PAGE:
Are you starting to look at what classes you should register for next year? No matter what year you are in high school, there are a lot of choices to make. It’s not just about taking the courses necessary for college admissions. Beyond those requirements you should consider what classes you can take as a high school student to earn credit for college. I outlined the differences between these classes in a recent blog, as well as some tips to help you succeed.

Students working on a dual credit class project

Now that you are caught up on that, here is what you need to consider when registering for dual credit courses.

  1. Make sure the dual credit classes you plan to take will count toward your degree. If you are considering taking multiple dual credit classes, you will want to know how many credits you can transfer to the colleges you are considering. This will ensure that you get the most out of the work you put in.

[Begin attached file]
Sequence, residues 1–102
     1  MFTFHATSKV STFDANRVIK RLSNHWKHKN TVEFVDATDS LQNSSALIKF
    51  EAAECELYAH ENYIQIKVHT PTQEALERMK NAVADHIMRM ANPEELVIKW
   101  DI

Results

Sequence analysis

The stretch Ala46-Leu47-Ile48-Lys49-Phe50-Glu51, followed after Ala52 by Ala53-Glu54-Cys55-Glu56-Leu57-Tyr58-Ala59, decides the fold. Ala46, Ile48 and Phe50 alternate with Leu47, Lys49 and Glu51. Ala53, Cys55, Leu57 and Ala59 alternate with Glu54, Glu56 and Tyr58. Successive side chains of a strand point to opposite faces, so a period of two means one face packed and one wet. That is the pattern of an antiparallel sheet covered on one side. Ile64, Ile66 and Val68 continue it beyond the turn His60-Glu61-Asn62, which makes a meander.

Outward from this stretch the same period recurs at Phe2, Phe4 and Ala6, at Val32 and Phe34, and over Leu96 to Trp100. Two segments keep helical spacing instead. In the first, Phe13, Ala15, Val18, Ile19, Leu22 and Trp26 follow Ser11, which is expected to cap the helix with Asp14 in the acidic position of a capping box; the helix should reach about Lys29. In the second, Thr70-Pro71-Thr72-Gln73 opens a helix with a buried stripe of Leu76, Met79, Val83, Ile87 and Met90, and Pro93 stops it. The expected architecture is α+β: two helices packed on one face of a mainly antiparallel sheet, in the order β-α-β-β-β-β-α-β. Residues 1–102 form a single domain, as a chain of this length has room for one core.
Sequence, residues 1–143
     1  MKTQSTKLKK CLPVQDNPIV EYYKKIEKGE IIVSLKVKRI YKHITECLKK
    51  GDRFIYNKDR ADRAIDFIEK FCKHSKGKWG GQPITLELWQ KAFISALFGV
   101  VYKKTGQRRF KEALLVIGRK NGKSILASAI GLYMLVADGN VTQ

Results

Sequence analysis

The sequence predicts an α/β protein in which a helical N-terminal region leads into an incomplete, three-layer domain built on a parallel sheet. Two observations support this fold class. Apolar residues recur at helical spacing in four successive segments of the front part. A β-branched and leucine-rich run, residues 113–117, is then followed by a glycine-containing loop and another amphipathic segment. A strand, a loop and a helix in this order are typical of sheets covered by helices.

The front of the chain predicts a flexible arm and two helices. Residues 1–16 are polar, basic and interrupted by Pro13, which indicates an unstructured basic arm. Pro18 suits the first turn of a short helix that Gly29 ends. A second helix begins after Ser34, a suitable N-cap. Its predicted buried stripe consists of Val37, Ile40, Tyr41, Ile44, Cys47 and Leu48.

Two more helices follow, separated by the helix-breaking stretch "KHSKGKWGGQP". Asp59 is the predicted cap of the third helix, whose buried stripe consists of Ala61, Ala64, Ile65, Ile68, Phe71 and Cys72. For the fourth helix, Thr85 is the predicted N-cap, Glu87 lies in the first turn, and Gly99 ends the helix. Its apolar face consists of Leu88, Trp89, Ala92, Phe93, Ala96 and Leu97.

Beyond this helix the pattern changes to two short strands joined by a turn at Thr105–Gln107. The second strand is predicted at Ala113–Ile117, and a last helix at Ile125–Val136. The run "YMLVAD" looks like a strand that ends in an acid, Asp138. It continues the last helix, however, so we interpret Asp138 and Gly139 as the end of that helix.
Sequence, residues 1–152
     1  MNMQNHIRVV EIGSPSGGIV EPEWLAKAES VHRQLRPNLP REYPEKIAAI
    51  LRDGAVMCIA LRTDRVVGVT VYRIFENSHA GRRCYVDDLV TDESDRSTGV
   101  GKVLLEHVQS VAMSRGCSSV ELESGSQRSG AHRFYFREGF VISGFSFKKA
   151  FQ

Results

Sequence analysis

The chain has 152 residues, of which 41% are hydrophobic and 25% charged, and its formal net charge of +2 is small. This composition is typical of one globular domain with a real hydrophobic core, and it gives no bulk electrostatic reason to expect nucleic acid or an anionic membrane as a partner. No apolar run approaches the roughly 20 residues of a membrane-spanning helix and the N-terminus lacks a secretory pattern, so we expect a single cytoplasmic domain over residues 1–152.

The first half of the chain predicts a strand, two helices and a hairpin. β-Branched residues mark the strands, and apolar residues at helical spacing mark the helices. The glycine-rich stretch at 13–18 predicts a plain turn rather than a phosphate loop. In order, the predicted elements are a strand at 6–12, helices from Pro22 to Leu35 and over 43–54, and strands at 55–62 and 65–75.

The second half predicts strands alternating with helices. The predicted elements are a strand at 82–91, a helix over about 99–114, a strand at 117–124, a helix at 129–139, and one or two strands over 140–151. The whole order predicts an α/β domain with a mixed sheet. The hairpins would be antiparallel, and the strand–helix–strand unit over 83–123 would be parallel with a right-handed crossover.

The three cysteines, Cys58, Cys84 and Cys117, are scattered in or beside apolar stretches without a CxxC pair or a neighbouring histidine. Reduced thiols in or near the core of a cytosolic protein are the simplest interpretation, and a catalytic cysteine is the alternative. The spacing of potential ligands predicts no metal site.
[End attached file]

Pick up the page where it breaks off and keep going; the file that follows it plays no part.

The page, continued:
2. Dual credit coursework is more rigorous than a normal high school class. Get yourself organized and ready. Remember this is a college-level course, and you are expected to perform at that level. Not every instructor will remind you of due dates, so those are on you to remember.
  3. Coordinate with friends taking the class. I always found the tough classes easier when friends were in the class with me. You can study together, help each other remember important deadlines, and also save money by sharing textbooks.
  4. Dual credit classes cost extra upfront, but they can help you save on college costs later. By entering college closer to the finish line, you will limit your costs in college. There are scholarships available to help you with the added cost of dual credit, so talk to an advisor for more information.
  5. You’ll have more than one transcript. Whenever you need a transcript, say for an admission or scholarship application, you’ll need to get one from your high school and one from every college where you take dual credit classes. Keep this in mind, it’s an important piece of information that trips up many students.

Keep these five things in mind as you decide which classes you want to take. If you have questions about dual credit, you can reach out to advisors at the college or at your high school. You can also contact any one of our offices for more help.


Good luck with your studies!